Captain Jack Mill Construction

What to know:

Approximately 12 mines were operated in the headwaters area of the Left Hand Creek watershed by the early 1900’s. Each mine can involve a labyrinth of tunnels and shafts that extend in many dimensions and levels below ground. By 1934, the Captain Jack Site was built as a central hub for many surrounding mine workings. From the Captain Jack Big Five adit, several cross-connecting tunnels were constructed between several mines originally acquired by the Big Five Mining Company and later operated by Captain Jack Ltd. These tunnels were used primarily to support more efficient movement of ore, equipment, and workers in and out of the mines. They also served to cross-connect the mines with respect to surface and groundwater flowing into and through the mines, as well as air. For example, ground water from the Columbia and Dew Drop workings would flow to the Captain Jack Big Five Tunnel.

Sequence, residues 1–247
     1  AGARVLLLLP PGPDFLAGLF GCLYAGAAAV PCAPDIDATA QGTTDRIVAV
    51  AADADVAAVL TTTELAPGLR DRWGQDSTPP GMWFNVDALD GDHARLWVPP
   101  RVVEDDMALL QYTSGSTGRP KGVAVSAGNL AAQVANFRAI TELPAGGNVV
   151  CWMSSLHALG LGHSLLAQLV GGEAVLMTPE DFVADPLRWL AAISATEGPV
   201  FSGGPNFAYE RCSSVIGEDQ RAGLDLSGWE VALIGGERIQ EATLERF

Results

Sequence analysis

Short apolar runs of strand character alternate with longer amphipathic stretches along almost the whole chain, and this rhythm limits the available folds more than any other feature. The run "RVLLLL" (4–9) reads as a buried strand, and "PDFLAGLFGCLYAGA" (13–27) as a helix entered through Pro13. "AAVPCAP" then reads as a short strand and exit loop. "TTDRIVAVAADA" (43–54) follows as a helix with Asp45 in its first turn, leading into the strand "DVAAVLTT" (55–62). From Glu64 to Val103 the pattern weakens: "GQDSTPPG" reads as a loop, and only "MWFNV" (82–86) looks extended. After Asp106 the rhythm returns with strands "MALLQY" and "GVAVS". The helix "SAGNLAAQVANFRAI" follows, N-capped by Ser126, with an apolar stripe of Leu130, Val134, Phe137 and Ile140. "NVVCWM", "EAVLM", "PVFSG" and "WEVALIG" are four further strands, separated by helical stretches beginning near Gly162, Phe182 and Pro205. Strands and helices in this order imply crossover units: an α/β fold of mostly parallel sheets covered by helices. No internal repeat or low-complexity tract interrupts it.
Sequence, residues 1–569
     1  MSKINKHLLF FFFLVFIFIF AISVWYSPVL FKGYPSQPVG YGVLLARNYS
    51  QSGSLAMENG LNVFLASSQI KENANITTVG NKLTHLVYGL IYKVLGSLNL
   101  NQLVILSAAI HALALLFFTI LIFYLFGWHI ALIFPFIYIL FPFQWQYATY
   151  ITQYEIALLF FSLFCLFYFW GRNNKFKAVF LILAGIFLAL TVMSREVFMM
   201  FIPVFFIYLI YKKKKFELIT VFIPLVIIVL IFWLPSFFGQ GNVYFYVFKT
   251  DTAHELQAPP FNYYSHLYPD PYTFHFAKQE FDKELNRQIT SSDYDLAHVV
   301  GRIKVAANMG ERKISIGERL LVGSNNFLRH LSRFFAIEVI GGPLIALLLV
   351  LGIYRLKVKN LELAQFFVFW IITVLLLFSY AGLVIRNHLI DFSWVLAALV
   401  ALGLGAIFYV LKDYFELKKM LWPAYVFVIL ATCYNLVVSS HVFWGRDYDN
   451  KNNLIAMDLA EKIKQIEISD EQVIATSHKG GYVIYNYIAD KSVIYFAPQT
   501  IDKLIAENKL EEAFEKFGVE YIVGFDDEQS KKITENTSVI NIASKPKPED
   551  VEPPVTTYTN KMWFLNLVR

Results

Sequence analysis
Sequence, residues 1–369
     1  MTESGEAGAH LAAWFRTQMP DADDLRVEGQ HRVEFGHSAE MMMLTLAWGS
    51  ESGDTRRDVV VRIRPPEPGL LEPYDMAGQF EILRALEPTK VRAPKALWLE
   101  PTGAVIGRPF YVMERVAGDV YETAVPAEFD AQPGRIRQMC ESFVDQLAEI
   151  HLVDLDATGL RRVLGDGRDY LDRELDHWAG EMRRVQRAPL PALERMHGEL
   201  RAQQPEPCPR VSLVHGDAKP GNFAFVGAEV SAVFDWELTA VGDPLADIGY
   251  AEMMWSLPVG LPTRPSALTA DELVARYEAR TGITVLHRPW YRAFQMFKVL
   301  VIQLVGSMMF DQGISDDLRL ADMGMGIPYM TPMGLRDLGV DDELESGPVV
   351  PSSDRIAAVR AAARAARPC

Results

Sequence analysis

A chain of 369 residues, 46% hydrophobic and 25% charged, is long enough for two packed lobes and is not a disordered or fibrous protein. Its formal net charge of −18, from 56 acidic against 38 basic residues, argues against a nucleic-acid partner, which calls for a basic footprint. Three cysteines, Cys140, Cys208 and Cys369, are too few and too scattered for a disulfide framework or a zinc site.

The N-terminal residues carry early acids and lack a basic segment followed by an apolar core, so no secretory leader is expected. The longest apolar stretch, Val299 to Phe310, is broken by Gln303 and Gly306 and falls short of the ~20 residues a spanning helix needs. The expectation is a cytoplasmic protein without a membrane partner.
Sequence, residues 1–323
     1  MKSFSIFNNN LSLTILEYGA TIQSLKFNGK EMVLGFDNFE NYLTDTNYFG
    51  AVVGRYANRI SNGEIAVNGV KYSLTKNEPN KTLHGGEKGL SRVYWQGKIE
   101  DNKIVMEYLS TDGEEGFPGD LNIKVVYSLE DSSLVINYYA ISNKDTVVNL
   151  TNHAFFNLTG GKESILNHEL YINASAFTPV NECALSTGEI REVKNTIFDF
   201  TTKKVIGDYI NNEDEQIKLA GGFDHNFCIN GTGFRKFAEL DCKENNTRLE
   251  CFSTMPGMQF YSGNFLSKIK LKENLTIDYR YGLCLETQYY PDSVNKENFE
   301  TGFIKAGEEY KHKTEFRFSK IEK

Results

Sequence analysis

USGS Mining Map from 1910

USGS Mining Map from 1910

The numbered pick-axe symbols are mine locations. Captain Jack Mine is circled. All the connected tunnels daylight (exit the ground surface) at the Big Five Tunnel exit. Read more about the Big Five Mining Company and associated mines Here.

Circa 1910. Source: USGS

Left Hand Creek flows down California White Raven Mine

Left Hand Creek flows down California Gulch through the White Raven Mine just downstream of the Captain Jack Mine. Large waste rock tailings are seen to the right of the creek. Circa 1918.

Source: Boulder Historical Society/Museum of Boulder, BHS 219-9-26.

Big Five Tunnel

The inner mine workings associated Captain Jack Big Five Tunnel (portal). Notable mine connections are noted in red. Today, much of the acid mine drainage treated at the Captain Jack site is an accumulation of water from a network of these mines and tunnels.

Source: AMEC.